Daffy’s Scrapbook

Yesterday I took Daffy to therapy where she received a scrapbook her birth mom created for her 3 years ago. This scrapbook, along with one for her brother, sat in the closet collecting dust at the state offices. This really distresses me. How could someone’s life be so meaningless as to carelessly place it on a shelf never to be looked at or shared in 3 years? Is this what our case workers think of our foster children?

As an adoptee, I know first hand how important those early pictures are. I lived my life for 24 years wondering if I was as homely as an infant as other people around the world. Somehow, without pictures, it felt like that time never really existed, like I was nothing until that first photo was taken by my adoptive parents at 6 weeks old.

For this reason, scrapbooking has always been close to my heart. I created my first “real” (read: acid-free-hobby-as-we-know-it-today) scrapbook  in 1998, but I have been a photographer since my adoptive Dad bought me my first Minolta when I turned 14 and I was a collector of momentos long before that. Pieces of life…. moments caught in time…. the tiny bits of reality… these are the things that form the true memories of our lives. I have created, literally, thousands of scrapbook pages. My work was published in countless scrapbooking magazines (some were even international!) and I even co-authored a scrapbooking idea book. I maintained a scrapbooking related blog/website for 6 years. And then it became my job. I went to work for a scrapbooking manufacturer and my zest to preserve of family history subsided. I switched to digital scrapbooking for a while as a diversion from traditional scrapbooking in my day job. Eventually, the company I worked for jumped on the band wagon with digital scrapbook supplies, too, and crushed all personal scrapbooking for me.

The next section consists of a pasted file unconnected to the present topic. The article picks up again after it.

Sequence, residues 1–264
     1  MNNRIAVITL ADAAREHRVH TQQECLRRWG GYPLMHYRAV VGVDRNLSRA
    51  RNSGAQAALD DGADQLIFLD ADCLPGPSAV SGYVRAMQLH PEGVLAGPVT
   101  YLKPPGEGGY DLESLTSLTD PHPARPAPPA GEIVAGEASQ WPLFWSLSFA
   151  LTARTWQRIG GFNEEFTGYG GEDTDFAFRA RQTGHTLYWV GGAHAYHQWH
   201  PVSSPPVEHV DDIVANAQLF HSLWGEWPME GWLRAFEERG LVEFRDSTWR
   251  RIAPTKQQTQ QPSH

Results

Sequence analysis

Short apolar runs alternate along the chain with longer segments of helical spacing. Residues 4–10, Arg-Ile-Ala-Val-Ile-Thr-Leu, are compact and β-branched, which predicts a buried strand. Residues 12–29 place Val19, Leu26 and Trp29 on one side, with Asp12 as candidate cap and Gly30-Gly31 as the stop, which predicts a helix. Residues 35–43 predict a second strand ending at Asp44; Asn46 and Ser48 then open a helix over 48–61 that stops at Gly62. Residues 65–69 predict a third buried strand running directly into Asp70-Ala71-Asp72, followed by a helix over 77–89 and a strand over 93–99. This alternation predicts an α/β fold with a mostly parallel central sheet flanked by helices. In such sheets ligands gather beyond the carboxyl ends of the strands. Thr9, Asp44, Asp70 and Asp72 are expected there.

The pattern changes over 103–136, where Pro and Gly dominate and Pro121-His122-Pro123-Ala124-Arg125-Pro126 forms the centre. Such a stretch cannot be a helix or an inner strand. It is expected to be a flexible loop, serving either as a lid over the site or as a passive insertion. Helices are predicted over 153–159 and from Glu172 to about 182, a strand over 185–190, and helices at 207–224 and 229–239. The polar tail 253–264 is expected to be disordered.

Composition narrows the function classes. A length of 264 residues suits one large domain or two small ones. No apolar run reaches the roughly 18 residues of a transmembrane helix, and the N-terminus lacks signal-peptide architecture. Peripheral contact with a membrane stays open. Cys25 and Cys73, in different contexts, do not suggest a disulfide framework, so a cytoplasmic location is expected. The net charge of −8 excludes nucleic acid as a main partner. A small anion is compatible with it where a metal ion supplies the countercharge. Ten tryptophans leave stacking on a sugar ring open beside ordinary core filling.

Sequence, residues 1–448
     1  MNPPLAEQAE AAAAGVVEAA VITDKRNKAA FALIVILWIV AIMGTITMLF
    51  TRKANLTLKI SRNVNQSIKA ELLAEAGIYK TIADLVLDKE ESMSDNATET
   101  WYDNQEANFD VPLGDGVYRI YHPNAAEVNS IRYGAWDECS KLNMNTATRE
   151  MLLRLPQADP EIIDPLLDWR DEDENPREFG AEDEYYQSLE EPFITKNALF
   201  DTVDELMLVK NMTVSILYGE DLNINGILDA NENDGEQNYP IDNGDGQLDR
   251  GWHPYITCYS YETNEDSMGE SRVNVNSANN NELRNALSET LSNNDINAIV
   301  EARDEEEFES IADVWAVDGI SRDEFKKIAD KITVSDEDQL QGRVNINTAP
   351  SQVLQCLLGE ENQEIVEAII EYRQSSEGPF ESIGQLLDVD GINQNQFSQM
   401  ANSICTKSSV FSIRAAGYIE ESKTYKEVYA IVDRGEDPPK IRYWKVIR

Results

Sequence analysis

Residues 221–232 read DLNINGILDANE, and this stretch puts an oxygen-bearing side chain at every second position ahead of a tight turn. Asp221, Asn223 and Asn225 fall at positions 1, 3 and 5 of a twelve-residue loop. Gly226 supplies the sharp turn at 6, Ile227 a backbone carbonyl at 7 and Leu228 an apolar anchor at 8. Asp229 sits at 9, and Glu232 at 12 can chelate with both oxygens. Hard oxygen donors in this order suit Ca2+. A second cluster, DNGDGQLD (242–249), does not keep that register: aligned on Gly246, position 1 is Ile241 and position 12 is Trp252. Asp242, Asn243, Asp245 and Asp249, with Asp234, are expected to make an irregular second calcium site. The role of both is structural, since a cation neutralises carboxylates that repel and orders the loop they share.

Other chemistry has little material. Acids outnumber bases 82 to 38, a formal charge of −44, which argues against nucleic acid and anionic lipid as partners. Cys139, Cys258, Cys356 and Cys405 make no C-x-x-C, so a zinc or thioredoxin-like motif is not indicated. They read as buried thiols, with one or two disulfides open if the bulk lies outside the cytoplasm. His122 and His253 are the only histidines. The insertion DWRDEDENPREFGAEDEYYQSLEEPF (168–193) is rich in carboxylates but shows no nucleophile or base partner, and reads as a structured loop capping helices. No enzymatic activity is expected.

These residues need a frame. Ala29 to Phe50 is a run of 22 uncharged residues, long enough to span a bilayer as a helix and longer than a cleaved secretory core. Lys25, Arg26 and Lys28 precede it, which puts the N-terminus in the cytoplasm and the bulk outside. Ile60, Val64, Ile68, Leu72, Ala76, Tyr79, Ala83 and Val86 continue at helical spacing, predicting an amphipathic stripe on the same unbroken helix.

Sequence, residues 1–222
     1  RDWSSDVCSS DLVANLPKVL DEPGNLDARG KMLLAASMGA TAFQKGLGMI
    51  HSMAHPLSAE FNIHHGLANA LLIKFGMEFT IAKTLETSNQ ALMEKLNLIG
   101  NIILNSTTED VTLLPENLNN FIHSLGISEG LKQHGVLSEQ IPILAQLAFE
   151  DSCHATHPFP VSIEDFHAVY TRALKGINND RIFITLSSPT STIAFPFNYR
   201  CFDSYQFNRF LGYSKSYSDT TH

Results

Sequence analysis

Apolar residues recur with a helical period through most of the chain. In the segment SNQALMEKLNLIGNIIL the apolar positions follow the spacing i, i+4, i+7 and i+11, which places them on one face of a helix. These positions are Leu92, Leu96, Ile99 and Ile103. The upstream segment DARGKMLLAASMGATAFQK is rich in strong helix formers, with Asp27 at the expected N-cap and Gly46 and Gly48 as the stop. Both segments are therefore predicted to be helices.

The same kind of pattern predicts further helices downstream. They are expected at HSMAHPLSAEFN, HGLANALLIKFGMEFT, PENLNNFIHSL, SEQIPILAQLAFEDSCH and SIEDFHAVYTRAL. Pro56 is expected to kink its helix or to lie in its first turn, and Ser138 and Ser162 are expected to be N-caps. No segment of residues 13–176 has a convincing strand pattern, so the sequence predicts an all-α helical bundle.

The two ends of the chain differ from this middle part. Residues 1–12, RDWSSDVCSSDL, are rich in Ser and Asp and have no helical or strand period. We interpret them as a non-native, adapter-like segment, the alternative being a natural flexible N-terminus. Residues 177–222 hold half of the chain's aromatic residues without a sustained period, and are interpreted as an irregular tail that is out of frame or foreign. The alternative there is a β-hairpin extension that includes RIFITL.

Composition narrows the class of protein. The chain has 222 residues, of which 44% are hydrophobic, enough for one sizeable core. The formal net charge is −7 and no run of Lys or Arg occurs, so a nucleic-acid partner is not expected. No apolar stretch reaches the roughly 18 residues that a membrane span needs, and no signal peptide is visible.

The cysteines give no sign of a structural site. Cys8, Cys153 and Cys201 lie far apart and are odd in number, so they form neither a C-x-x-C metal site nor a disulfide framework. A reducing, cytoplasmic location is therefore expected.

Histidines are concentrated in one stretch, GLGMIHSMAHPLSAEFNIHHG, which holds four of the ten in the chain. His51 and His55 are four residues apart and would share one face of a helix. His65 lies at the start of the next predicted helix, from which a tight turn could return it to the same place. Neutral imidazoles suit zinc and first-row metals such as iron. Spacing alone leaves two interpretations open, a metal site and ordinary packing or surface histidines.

When Donald & Daffy were first placed with us, they would often look through my scrapbooks. Donald would even take several huge binders into his room to look through in the mornings when he woke before everyone else. I felt pangs of guilt. I certainly didn’t want to keep our “past” a secret, but I could only imagine the sadness they both must have felt as they looked through the memories of our lives. We lived a normal life. And being in foster care for the past 8 years, they did not.

My friend, Rebecca from Love Is Not A Pie, shared a blog post with me as I was working on this post. I think she really said it best:

I’m so happy that she now gets to experience the simple pleasure that so many of us take for granted, of looking back at photos of her earlier years and saying, “Hey, that was me. Wasn’t I adorable?”

I have felt a growing need to begin scrapbooking again. These children need to know they are appreciated, celebrated and loved. Daffy has the scrapbook from her birth mom, now it’s time for me to tell the story of her “happily ever after” …

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